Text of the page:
The FCC should grant the Massachusetts Institute of Technology a waiver for a swept-frequency ultra-wide band (UWB) indoor medical monitoring device because it has potential benefits ranging from improved clinical trials to better home-health monitoring of elderly dementia patients, parties from the medical community have told the Commission.
Parties were responding to a public notice in ET docket 19-89 in which the FCC’s Office of Engineering and Technology sought comment on a request by the Massachusetts Institute of Technology for a waiver to allow it to obtain certification of its WiTrack System, despite the fact that the system does not satisfy the FCC’s definition in its part 15 rules for an ultra-wideband transmitter “because each frequency step is less than 500 MHz in bandwidth ‘at any point in time’ even though the total bandwidth needed for optimal performance exceeds 500 MHz.”
In the public notice, OET said, “MIT states that the WiTrack System uses indoor swept signal of up to 2.5 GHz in the 6 to 8.5 GHz band to passively monitor mobility, breathing, and other physiological signals in patients and senior adults. Because the system would transmit a radiofrequency signal and receive its reflection from the environment, it would not require the use of body-worn sensors. MIT has indicated that different versions of the devices would sweep slightly different frequencies within the 6-8.5 GHz range” (TR Daily, March 29).
LEO Science & Tech Hub, a Cambridge, Mass.–based innovation unit of Denmark’s LEO Pharma A/S, supported MIT’s request, saying, “We believe that the MIT Witrack device has significant potential to benefit patients by transforming clinical research and healthcare delivery. The Witrack device has already demonstrated outstanding healthcare related capabilities, such as accurately monitoring the mobility of a person through wireless radio signals, as well as their breathing, heart rate, other vital signs, itching etc.”
It added that the device “enables companies like us to perform clinical research, understand patient needs, and react to them in a more effective way. Further, it can lead to the validation of a new standard of measurement for itching to be used as an end-point in clinical trials. Such a measurement of itching can also fundamentally change the way in which doctors manage skin conditions by allowing them to monitor their patients’ condition and adjust medication dosage and regimen on an individual basis. The net result will be a significant improvement in the health outcomes and quality of life for a large population — over 10 million children, and 7 million adults.”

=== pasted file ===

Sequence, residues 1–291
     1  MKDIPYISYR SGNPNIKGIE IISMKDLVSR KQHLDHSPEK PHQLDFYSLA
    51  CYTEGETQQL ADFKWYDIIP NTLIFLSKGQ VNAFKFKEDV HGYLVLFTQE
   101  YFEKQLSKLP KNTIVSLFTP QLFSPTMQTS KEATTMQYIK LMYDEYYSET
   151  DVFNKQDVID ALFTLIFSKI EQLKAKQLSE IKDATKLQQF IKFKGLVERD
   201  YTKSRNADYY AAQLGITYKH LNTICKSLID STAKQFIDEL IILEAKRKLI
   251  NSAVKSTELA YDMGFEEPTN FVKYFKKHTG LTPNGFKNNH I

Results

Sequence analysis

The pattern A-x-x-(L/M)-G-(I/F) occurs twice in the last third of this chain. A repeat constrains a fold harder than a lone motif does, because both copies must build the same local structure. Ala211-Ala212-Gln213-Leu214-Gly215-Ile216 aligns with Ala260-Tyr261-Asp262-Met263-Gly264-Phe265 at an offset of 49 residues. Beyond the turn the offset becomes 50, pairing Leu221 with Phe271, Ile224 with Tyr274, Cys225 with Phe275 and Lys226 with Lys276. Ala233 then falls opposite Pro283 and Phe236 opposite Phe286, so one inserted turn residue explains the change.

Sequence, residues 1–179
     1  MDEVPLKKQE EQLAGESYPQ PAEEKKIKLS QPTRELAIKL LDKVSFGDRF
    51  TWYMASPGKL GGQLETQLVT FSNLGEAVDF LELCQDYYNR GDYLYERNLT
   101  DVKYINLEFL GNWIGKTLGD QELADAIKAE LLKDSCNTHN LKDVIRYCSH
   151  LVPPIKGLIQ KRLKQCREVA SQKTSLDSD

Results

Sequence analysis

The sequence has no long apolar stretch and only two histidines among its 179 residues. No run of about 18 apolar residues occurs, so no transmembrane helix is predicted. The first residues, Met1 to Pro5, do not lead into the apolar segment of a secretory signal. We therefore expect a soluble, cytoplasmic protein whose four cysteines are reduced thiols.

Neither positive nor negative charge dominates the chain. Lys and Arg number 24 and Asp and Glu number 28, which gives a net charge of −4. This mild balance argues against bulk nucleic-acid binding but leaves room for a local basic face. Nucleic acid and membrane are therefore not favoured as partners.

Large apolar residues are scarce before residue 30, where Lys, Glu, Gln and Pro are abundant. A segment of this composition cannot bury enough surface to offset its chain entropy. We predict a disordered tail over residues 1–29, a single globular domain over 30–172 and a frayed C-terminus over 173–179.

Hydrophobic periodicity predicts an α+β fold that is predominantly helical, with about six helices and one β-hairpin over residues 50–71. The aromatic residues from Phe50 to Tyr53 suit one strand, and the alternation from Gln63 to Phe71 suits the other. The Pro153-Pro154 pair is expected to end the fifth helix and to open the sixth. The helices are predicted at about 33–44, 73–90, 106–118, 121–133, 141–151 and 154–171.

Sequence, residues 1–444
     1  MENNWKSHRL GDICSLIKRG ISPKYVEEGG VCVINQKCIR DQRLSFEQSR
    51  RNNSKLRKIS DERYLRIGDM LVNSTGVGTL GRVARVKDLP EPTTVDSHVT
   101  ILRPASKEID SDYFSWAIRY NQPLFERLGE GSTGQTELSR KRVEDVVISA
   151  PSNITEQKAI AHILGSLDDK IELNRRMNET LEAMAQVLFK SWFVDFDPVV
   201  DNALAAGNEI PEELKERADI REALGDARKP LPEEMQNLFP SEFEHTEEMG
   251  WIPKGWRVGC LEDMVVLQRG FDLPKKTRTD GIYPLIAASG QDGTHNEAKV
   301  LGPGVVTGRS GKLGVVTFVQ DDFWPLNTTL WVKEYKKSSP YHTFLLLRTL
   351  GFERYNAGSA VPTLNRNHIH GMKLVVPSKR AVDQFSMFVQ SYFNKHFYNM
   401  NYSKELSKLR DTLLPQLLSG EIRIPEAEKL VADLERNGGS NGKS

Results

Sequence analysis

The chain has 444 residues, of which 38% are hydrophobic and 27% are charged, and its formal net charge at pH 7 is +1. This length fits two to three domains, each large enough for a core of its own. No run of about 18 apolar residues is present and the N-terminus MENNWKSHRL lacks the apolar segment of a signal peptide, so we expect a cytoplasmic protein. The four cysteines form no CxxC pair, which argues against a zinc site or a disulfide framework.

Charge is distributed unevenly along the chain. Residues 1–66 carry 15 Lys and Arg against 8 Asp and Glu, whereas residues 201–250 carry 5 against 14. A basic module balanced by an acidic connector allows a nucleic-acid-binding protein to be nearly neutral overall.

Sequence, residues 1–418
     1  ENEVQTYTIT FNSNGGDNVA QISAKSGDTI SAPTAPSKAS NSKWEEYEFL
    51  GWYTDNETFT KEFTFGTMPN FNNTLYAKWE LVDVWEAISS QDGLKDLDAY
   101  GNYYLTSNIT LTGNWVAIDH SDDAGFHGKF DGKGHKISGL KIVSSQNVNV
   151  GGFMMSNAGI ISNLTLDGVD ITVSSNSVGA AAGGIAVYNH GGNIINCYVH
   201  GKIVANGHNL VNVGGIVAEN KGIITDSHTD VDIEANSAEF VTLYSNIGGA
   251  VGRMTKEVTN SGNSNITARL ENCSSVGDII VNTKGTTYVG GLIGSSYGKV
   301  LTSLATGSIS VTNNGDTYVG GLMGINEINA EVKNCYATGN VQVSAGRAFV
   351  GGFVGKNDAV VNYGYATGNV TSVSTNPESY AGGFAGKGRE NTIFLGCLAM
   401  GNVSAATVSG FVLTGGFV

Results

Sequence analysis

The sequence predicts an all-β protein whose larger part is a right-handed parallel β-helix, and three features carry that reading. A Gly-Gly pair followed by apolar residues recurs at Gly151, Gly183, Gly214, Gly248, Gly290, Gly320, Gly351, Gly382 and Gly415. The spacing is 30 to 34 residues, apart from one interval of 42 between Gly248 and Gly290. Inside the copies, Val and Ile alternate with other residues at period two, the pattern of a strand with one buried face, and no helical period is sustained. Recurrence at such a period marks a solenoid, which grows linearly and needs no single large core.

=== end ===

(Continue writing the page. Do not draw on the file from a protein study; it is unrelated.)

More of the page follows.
Brent Forester, chief of the Division of Geriatric Psychiatry at Harvard Medical School also “strongly” supported the MIT petition for waiver.
Noting that 13 million seniors live alone in the U.S., vulnerable to “falls, accidental injuries, chronic disease exacerbations, and depression,” Dr. Forester said that “[i]n Witrack, MIT has developed a revolutionary technology for in-home health monitoring, which cuts across science, engineering and medicine. By creating a first-of-its-kind touchless monitoring system, Witrack directly improves patient monitoring, particularly for older patients, since traditional monitoring methods, which often require the patient to regularly charge and wear one or more devices on their body, are ill suited to their needs.”
Dr. Forester added, “With my colleagues at Harvard Medical School, and in collaboration with the Witrack team, we have explored the use of the Witrack device in monitoring patients with advanced dementia. In our studies, we were able to use Witrack’s passive measurement to detect and quantify repetitive pacing which is associated with anxiety and agitation, commonly exhibited in patients with dementia and Alzheimer’s. We are looking further into the potential use of this device in improving care for such patients.”
The MIT device “fills a crucial gap in treatment and care for older adults with psychiatric illness and neurodegnerative diseases. A key difficulty in providing care for such patients is getting reliable information about their health status and activities to understand their condition and progress. Today, doctors have to rely on incomplete, and often inaccurate, information from patients and caregivers. Witrack’s ability to provide accurate and objective measurements without encumbering patients in any way will allow doctors to make more informed decisions, and ultimately improve healthcare outcomes for the U.S’s aging population.” —Lynn Stanton, [email protected]
MainStory: FederalNews FCC SpectrumAllocation
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